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Sunday, November 28, 2021

When Bernice walks around on a game day, fans stop and say, “What a fat beagle!”

Bernice’s owner, Sarah Jones, a third-year law student at UF, said that while her dog is on the heavy side, she’s not too concerned. Jones said she takes Bernie, 3, on her morning runs every day and to local dog parks. But first, Bernice gets a breakfast of scrambled eggs and cheese.

“You feel bad and you want to feed them what they want,” she said.

 Veterinarian Ernie Ward wants pet owners to be more concerned about their pets’ weight. 

Today is the fourth annual National Pet Obesity Awareness Day, created by the Association for Pet Obesity Prevention, founded by Ward in 2005.

Ward has been fighting pet obesity for almost 20 years. It began when he started noticing all the “fat cats and hefty dogs” and brought it to the attention of fellow vets.

“I saw my patients become supersized before my eyes,” Ward said. He didn’t want to see the issue ignored.

Thousands of vet offices across the nation will be recording weight data on patients and submitting it to Ward so he and his team can give statistics.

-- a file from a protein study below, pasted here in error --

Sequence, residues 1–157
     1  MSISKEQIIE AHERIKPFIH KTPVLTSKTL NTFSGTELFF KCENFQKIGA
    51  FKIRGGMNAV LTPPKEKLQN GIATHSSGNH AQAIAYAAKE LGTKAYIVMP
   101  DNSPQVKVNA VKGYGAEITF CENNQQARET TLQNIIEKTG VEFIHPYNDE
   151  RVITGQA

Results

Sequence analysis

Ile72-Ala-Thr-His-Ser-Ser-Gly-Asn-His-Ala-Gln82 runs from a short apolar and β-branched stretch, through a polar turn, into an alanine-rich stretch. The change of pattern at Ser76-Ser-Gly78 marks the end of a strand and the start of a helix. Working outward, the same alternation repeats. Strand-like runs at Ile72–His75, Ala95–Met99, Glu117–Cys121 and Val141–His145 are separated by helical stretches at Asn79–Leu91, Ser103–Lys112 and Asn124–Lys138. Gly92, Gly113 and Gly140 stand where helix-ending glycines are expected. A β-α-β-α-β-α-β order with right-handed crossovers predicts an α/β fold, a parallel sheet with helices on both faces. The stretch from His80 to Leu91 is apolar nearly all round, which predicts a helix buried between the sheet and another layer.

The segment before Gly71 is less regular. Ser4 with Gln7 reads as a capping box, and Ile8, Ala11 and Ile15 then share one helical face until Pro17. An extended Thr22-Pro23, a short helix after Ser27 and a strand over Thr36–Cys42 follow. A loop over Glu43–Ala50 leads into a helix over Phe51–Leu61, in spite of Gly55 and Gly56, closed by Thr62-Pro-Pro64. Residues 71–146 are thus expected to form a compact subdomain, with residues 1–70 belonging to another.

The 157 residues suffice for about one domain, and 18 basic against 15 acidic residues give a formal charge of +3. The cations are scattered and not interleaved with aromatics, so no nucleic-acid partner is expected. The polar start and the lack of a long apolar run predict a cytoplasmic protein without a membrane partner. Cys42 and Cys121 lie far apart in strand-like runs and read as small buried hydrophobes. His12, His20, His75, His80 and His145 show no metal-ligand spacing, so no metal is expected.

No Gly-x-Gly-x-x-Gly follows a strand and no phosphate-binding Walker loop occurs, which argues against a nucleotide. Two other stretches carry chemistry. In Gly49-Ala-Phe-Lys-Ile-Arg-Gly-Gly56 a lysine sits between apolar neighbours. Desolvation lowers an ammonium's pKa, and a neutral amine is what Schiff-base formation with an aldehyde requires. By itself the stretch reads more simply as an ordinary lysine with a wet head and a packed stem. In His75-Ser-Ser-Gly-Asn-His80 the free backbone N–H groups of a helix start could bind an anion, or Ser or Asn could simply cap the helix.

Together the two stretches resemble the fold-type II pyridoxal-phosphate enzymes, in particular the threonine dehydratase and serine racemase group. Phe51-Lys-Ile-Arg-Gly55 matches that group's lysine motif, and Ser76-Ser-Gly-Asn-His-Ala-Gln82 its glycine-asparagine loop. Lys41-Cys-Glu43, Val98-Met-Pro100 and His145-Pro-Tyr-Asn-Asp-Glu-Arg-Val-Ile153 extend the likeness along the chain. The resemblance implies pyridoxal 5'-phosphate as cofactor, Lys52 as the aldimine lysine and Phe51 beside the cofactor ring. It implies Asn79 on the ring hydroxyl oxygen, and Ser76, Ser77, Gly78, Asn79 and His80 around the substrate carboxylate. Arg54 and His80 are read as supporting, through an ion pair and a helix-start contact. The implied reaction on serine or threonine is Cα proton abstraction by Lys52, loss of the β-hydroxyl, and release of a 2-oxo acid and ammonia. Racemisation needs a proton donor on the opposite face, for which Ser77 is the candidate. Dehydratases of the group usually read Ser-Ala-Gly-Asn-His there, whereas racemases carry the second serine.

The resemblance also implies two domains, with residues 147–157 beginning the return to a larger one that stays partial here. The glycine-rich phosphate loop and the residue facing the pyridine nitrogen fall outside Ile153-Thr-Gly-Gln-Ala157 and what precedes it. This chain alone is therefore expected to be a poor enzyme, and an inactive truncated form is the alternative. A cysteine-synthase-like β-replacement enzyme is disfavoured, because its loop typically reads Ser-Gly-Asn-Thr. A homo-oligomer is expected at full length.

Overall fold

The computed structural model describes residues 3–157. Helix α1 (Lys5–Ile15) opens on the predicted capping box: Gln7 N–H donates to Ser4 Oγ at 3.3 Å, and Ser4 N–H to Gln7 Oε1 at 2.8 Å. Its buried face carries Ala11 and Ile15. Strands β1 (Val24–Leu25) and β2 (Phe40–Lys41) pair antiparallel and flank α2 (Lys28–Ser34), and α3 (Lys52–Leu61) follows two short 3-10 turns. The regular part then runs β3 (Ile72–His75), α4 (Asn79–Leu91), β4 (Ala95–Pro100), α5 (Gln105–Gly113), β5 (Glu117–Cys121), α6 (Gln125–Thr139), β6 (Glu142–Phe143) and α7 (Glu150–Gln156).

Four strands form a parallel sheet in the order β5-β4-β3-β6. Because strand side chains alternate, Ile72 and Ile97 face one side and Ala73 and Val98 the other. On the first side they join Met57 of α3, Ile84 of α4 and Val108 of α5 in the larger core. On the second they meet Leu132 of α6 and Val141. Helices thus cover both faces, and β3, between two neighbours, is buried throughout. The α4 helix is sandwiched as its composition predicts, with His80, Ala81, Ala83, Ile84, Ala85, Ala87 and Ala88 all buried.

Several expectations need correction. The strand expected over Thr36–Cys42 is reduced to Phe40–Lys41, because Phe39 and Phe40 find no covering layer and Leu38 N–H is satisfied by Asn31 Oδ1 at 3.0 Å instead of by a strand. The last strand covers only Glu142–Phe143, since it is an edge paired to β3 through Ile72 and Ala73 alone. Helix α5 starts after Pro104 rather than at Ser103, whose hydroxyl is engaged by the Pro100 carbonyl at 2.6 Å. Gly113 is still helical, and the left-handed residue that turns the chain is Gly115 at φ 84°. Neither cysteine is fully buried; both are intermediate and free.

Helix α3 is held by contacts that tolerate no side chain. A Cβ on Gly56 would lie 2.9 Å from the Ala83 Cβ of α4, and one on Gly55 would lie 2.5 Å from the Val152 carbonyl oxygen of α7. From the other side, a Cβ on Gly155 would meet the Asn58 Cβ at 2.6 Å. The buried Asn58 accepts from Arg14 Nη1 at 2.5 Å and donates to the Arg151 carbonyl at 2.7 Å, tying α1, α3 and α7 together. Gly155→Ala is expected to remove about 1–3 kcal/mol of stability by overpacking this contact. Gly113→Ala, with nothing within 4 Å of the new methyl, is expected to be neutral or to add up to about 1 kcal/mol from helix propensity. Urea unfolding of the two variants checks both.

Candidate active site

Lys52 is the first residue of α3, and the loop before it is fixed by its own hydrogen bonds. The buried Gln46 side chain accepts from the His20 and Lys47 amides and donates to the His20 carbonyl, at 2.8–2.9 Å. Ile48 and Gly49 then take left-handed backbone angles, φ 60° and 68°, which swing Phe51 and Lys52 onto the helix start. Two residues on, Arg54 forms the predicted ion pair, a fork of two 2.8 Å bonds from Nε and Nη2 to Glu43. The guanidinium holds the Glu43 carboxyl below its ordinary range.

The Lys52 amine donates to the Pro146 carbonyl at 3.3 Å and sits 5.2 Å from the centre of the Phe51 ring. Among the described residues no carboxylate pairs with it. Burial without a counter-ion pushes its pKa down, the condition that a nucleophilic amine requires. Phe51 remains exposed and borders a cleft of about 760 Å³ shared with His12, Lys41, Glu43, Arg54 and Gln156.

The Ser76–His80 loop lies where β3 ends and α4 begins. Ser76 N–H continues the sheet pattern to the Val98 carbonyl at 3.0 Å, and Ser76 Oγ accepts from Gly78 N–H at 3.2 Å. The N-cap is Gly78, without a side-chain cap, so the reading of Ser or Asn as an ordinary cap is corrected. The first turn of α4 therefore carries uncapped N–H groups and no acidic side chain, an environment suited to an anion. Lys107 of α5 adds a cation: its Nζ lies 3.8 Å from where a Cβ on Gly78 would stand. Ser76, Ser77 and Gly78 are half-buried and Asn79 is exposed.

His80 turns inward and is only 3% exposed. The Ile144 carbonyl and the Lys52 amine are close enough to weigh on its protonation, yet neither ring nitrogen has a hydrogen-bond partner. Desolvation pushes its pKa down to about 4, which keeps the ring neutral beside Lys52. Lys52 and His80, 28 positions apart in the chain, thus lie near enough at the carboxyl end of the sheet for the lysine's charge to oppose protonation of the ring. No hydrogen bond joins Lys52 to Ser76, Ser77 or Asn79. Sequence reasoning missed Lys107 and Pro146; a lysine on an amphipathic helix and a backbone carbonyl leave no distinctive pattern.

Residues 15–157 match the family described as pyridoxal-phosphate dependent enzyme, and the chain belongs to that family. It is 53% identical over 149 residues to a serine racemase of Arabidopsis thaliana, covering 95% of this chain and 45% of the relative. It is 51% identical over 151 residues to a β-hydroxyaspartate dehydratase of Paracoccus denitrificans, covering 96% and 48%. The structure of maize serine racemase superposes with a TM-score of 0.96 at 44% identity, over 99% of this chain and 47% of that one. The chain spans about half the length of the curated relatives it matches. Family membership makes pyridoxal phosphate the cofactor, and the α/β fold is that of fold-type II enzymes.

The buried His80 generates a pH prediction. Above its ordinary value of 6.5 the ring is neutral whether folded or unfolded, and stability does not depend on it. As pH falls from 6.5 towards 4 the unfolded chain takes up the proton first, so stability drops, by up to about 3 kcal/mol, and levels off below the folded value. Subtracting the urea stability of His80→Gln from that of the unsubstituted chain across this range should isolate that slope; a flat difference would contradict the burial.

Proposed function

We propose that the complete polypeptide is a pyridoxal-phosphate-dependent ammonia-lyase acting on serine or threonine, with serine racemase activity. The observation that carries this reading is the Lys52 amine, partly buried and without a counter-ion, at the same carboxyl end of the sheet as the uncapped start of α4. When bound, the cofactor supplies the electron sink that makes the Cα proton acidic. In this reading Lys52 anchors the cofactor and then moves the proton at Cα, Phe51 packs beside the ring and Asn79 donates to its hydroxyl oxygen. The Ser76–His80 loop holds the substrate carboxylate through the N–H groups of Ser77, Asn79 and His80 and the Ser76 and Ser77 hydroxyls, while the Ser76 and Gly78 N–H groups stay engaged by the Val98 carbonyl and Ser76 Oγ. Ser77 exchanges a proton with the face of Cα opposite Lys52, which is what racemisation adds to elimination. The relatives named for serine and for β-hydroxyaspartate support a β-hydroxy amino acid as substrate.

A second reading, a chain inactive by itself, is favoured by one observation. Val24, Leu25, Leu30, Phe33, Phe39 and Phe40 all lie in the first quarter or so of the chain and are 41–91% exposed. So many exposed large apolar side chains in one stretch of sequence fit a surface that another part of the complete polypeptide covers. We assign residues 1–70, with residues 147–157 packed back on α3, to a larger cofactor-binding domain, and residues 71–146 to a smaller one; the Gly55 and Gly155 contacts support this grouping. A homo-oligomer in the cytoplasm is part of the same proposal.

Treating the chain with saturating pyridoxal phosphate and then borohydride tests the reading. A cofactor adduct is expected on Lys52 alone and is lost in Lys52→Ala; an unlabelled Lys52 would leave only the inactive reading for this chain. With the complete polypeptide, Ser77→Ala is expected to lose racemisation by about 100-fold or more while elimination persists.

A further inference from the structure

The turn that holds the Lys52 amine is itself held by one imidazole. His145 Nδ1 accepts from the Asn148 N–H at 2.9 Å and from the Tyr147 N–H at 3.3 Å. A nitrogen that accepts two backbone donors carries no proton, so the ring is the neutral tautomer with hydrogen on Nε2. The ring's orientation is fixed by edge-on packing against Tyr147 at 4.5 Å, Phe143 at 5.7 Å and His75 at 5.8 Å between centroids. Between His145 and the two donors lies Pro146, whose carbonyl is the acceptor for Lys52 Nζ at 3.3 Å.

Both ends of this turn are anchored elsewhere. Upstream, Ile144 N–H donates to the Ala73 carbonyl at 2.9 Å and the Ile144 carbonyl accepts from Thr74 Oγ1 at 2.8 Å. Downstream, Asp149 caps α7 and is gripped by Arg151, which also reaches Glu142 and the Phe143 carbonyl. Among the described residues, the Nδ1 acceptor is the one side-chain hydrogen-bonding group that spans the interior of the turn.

Last year’s statistics estimated that 51.5 percent, or 89 million, of dogs and cats are overweight.

When Ward goes to his two daughters’ soccer games and sees a mom on the opposing team handing the kids Mountain Dew at halftime, he sees a link between the two epidemics.

Ward said he considers childhood obesity and pet obesity as one in the same. He said that parents need to feed their children and pets “real food” and not “high school chemistry experiments.”

“Anything you can think of with a child’s day care, it’s that for dog’s,” said Rachel Thornton, day care manager and owner of Dog Wood Park in Gainesville.

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Rosie, a 12-year-old white basset hound, droops around the day care with a heavy underside and a pink-bowed collar.  Brandy, a 9-year-old golden retriever, tends to rest in the shade but “plays referee” for the younger dogs. She said it’s difficult to help dogs lose weight because they are older, but they participate in exercise during their 12 hours in daycare.

She said that dieting helps in the long term but that the trick behind weight loss is to know the types of treats you’re giving your dog. 

“Peanut butter balls: not a smart choice for a chunky dog,” she said.

Ward doesn’t admonish “people food” or snacks — it’s the kind of snacking and ingredients in foods that can be detrimental to a healthy diet.

Faustino Ribeiro, of Gainesville, said his dog’s weight varies in part on whether he or his wife feeds him.

“I’m weak, and he knows really well how to beg,” Ribeiro said.

Lucky, Ribeiro’s 3-year-old Jack Russell terrier, enjoys meals ranging from vegetables to pizza.

Ward’s awareness day is for all animals, but studies tend to cover common pets: cats and dogs. Ward is researching horses and “pocket pets” like hamsters and rabbits, but it’s difficult to even help cats.

“Cats don’t jog,” he said.

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